Solar isn’t on 5.3 yet, but then, neither is Zend Framework.

Autoload-only. We will move to using autoloading throughout the framework. This solves a number of performance issues, as well as simplifies coding dependencies (particularly exceptions).

Solar is already autoload-only. You can be autoload-only too right now with Solar.

Namespaces. PHP namespaces benefit frameworks and libraries more than any other code bases, and ZF can benefit from it greatly, particularly with components such as Zend_Search_Lucene and Zend_Controller.

Solar already has first-class support for PHP 4/5 style namespaces (i.e., pseudo-namespaces) and supports mixing of multiple “vendor” prefixes in projects (and supports cross-vendor fallbacks across library hierarchies). Solar expects that you will be working within your own pseudo-namespace already, and so is poised to use 5.3 namespaces proper with little effort. You can have namespace-like support right now with Solar.


As with “new language features” above, Solar isn’t on 5.3 yet, but then, neither is Zend Framework.

MVC Implementation: Our current MVC implementation is increasingly adding overhead to the dispatch cycle, slowing down the request cycle. While you can squeeze additional performance out of it via stripping require_once calls and using autoloading, the fastest requests are still far short of other, slimmer frameworks …

Solar‘s dynamic dispatch cycle is much faster than the one in Zend Framework, and has been for years; see these benchmarking posts:

You can have a much faster dispatch cycle right now by using Solar.

Models and Master-Slave

One more thing that Zend Framework doesn’t have, that Solar does, is an integrated model system. Zend Framework recently dropped the idea of having their own, and expect to depend on an external system for reasonable model/record/collection support. Solar has an integrated model system right now with support for single table inheritance, various relationships, unified saving of object graphs, automatic data filtering, automatic form generation, calculated columns, collection methods, automatic data caching and clearing, and much more.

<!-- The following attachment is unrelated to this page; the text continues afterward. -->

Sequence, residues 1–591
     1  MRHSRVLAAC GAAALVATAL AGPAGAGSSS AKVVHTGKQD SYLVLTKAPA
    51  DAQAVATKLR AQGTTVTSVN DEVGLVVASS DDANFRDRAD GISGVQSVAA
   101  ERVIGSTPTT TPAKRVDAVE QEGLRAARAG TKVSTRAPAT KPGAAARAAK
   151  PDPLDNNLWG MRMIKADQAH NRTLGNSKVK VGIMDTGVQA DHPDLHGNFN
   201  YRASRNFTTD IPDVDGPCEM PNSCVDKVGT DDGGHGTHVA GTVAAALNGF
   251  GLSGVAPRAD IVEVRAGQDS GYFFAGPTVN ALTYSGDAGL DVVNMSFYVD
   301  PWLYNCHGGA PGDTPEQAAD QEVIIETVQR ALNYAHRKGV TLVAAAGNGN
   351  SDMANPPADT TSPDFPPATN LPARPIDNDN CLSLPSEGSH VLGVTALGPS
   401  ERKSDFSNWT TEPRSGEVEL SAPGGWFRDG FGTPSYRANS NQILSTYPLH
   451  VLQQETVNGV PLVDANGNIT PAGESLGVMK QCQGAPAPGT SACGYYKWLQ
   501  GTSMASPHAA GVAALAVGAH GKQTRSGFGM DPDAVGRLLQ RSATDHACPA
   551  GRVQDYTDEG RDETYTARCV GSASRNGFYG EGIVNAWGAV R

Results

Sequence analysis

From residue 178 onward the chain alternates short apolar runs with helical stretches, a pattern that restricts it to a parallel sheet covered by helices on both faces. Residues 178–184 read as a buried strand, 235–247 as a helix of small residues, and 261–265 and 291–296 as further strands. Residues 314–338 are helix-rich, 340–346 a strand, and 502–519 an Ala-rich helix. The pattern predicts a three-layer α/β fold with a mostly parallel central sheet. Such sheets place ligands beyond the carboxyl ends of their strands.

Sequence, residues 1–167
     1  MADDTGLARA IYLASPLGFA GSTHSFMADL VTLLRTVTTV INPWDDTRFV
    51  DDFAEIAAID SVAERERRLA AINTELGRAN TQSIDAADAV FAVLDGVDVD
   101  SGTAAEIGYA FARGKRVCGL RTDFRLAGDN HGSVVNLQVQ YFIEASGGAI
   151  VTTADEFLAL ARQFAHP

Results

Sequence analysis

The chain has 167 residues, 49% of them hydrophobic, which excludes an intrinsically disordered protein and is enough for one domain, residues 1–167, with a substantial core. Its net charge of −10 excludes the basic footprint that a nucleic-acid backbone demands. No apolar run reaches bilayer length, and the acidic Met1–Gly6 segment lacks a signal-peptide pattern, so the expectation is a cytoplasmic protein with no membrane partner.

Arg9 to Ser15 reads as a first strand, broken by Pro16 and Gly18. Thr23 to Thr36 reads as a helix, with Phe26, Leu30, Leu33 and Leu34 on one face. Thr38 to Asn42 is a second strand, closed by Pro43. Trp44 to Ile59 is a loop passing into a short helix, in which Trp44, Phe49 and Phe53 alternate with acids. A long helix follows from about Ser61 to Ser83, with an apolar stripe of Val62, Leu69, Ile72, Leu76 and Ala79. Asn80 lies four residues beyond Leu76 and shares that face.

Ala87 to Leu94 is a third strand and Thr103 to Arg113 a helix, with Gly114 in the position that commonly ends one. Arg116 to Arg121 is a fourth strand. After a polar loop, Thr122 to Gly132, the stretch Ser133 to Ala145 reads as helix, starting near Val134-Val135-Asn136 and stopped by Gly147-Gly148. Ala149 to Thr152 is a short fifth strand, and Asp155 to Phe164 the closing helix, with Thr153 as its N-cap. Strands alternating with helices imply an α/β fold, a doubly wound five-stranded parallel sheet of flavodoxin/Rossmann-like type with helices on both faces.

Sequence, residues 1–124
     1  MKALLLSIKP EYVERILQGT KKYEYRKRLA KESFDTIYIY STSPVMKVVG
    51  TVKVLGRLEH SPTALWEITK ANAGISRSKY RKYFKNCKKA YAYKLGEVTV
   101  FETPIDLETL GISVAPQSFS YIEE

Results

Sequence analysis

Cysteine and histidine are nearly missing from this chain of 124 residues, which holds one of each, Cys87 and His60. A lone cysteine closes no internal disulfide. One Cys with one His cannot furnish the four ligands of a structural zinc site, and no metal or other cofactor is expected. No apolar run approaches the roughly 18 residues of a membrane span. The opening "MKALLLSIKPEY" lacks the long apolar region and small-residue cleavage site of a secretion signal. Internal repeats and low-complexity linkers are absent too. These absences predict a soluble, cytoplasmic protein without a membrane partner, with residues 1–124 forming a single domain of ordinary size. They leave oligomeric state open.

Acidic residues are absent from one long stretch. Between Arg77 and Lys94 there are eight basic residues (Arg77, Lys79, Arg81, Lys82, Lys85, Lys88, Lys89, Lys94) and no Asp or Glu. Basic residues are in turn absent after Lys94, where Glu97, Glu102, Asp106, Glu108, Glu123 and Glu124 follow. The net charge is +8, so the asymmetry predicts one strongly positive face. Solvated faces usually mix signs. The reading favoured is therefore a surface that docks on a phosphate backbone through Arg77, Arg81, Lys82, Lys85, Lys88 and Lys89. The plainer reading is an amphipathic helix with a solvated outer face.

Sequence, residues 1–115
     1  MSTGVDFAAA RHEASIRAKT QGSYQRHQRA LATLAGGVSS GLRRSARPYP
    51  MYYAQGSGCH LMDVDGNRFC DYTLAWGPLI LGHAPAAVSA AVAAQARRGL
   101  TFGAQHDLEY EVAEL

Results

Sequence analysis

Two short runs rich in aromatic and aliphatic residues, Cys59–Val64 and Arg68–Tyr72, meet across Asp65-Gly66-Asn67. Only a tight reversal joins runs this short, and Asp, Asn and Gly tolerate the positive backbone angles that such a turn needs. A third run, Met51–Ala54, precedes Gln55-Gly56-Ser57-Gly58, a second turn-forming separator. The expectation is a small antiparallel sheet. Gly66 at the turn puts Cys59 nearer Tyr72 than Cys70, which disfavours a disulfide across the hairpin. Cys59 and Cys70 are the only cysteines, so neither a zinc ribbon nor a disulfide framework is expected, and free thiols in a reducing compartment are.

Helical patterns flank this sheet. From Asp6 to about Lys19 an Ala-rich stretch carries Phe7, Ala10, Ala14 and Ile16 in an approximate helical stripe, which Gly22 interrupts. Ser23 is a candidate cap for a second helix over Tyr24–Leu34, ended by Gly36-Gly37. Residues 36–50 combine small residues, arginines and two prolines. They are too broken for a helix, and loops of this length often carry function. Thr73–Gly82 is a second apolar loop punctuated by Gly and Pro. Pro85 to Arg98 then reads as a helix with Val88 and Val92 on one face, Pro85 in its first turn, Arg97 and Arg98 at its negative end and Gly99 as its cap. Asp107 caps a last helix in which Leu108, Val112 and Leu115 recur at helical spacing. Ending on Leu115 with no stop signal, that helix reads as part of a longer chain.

Yet another thing: we also provide support out-of-the-box for master-slave MySQL replication, with no changes needed to the codebase. Change your config file from the single-server connection to the master-slave connection, and you are done. (Well, you might have to wrap some parts in transactions, but after that, it will work on both single-server and master-slave setups.)

You can have robust models and master-slave support right now with Solar.


There is one significant thing that Zend has that Solar doesn’t: narrative documentation. Our API docs are second to none, but the tutorials are lacking. We’ve been spending our time making the framework great, not writing about the framework. You can help with that if you like by adding to the wiki.


The point of all this is not to belittle Zend, Zend Framework, its developers, or its contributors. The point is to ask Zend Framework adopters: why wait for ZF 2.0 when you can have all those features and more, right now, by using Solar?